By Jack Buffington, Assistant Professor of the Practice in Supply Chain
As soon as the ball dropped came
the predictions in the field of supply chain management over the next ten
years. I glossed through these articles and found technology as the driving
theme: AI, robots, big data, blockchain. The role of technology in the future
is obvious, but supply chain professionals should think bigger picture when
considering the future from the past.
Technology has never been the
driver of supply chain innovation, but rather the engine. In the early 20th
century, Henry Ford’s Model T was a new technology, but the driver for change were
the improved processes that led to cheaper cars made more efficiently with
higher wages for the worker.
A few decades later, it was
Toyota that changed the culture with people and processes around a more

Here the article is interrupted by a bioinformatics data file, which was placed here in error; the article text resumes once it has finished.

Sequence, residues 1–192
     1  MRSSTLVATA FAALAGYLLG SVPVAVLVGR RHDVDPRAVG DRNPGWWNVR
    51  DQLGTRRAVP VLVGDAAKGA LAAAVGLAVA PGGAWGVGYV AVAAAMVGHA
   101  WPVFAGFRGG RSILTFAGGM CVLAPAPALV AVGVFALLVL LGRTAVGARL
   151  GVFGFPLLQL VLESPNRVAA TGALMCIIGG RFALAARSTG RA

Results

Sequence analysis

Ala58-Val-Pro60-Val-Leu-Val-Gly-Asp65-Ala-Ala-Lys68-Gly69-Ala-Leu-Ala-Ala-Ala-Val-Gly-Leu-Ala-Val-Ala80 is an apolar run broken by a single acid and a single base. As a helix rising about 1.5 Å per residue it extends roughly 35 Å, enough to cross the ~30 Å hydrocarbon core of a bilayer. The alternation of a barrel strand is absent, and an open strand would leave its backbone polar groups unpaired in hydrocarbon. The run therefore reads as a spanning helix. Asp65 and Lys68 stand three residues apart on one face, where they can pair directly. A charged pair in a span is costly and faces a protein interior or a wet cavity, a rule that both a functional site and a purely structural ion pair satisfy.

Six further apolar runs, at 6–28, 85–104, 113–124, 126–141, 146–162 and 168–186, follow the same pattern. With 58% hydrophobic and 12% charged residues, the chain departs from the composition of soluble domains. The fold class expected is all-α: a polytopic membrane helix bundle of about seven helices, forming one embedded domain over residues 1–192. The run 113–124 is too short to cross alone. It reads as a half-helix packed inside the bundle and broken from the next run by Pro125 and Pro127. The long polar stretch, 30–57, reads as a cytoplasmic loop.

efficient manufacturing and supply chain. Today, supply chains are so efficient
that it can deliver a package ordered right now in less than a day through
innovations in process and technology. Before we consider the future to be
dominated by AI and robots, we should consider the roadmap to innovation to be
more than just it; we should consider articles such as the 2018 HBR The Death of Supply Chain Management
We as supply chain management
professionals also need to focus our attention on much bigger prizes; not just
in how to deliver packages faster or making products across a global supply
chain, but in solving problems because that’s what we do. In the year 2020,
there are no shortages of problems to be solved: climate change, plastic and
food waste, a lack of clean water, etc. The decade of 2020 should primarily be
about how our supply chains can achieve economic growth and empower an improvement in the natural environment. It is only
our field that can solve this major challenge.
In the upcoming decade, supply
chain management will either solve these challenges, or continue to perpetuate
the problem, and we must rise to the occasion.
To learn more about the Supply Chain Management program offered through the University of Denver, visit www.universitycollege.du.edu/supplychain.